I saw him again when I was twelve and he was fifteen. We were at the next gathering of all the Alphas from our region. I was there with my dad and Korban was there with his.
He looked mostly the same. His hair was still a light blond, but there were more golden streaks in it than when he was younger. His skin was just as pale and seemed to glow, like it had when he was eleven, but I noticed a smattering of freckles over his nose. His eyes, though, were exactly the same. Still a warm navy blue and still tracking me from the second I walked into the room.
“Samuel, hi!” he said as he hustled over to me.
Forcing down the smile that inexplicably started forming, I crossed my arms over my chest. Uncharacteristically, I wanted to say something, but typical to form, I didn’t know what would be appropriate. So I remained silent.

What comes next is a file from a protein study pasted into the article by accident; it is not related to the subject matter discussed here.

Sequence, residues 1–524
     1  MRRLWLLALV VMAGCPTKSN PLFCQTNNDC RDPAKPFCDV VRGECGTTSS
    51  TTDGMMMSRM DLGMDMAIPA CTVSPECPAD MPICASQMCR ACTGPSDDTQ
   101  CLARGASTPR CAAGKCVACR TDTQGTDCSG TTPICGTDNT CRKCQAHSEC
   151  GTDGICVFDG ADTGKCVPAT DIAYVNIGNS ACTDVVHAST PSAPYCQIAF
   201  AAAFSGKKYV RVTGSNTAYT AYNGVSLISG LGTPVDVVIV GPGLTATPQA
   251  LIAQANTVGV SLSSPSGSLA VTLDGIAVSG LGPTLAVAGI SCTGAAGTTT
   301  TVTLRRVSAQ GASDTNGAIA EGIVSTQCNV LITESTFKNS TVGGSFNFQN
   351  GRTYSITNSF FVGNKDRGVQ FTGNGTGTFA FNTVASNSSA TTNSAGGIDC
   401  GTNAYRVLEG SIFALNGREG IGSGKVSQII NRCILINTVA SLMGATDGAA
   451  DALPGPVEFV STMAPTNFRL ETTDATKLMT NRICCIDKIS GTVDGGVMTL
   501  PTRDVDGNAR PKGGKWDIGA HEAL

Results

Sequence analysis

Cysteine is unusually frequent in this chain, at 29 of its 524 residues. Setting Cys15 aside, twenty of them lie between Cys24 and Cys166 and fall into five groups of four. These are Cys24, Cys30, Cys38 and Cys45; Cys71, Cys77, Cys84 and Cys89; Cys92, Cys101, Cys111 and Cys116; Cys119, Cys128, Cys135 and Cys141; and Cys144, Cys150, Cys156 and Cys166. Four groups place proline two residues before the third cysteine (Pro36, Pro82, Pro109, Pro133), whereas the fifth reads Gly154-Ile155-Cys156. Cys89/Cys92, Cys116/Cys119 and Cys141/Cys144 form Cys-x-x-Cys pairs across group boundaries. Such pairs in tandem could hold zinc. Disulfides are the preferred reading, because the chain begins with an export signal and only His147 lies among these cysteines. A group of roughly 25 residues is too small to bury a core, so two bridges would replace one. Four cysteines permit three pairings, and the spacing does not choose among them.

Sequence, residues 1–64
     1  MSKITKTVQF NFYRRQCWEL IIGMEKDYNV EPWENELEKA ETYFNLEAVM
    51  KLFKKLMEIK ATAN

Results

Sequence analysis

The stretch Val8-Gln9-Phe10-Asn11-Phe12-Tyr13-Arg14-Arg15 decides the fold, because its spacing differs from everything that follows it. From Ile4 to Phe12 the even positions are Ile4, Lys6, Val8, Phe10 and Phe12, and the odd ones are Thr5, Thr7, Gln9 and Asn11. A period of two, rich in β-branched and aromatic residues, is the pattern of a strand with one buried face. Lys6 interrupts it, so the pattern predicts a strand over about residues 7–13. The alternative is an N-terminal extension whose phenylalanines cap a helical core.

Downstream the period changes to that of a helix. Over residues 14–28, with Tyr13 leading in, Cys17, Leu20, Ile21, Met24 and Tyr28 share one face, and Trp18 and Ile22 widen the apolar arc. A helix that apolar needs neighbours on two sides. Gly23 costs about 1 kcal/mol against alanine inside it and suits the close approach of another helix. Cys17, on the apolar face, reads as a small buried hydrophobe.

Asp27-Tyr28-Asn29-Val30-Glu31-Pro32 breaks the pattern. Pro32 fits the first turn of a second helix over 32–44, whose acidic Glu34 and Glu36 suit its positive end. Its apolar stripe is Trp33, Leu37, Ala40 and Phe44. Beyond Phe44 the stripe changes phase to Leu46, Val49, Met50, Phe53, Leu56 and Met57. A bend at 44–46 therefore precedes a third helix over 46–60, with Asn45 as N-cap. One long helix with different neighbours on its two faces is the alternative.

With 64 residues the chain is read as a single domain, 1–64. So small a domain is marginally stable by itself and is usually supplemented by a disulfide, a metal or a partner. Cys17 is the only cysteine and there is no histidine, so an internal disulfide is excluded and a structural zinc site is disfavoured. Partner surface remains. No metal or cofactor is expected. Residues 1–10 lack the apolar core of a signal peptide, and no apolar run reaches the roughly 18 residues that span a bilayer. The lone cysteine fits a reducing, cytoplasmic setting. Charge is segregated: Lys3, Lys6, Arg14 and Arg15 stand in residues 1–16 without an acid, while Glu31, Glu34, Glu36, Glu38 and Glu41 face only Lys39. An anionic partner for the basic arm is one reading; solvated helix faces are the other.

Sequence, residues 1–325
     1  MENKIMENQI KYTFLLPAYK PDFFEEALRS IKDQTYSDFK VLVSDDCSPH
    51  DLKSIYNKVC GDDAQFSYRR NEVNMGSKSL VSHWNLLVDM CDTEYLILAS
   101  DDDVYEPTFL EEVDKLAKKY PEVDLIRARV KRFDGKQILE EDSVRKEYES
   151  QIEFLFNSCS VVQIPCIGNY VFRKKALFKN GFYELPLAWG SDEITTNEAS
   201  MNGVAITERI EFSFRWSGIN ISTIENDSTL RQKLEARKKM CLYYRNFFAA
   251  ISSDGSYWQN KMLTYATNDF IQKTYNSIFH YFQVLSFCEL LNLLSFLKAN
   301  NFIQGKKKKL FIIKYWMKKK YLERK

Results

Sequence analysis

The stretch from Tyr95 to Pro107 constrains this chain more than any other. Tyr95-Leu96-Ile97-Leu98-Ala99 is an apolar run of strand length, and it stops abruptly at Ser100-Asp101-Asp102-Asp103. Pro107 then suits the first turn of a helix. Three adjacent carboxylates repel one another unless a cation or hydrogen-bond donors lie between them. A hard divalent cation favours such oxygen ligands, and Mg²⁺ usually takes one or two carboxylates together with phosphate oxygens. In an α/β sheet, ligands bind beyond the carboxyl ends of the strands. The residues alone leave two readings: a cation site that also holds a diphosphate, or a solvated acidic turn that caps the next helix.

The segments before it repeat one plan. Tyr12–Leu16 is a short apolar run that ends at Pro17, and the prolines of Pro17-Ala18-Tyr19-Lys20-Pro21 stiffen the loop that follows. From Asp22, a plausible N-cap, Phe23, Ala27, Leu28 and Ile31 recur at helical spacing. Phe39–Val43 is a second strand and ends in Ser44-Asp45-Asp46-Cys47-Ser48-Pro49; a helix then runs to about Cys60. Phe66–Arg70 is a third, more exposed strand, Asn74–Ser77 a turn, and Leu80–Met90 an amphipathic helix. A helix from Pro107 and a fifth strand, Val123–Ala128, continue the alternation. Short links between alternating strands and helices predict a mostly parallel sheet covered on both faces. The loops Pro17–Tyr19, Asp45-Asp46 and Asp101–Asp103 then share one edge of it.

“I’m Korban Keller.”
I didn’t say anything. Not because I was trying to be rude, but because my words stuck in my throat. I hated that he was able to force me off-balance so quickly.
“We met at the last Southeast Alphas meeting.”
Two seconds in and already he was annoying me. So much so that my belly felt warm. I really did need to get my temper under control.
“We hunted in our wolf forms,” he added.
“I remember you,” I said coolly and then gave myself an internal pat on the back because I didn’t yell at him for assuming I was too dumb to remember someone from four years earlier. It hadn’t been that long. Besides, I’d been with him for hours. We had run through the woods, hunted together, splashed in the spring, and even tussled on the grass. It wasn’t until later that I realized he had tricked me into letting my guard down.
“Great.” He sighed in relief and his shoulders lowered, like he was releasing tension.
Immediately, I wondered why he had been stressed. I darted my gaze around but couldn’t see any obvious threats.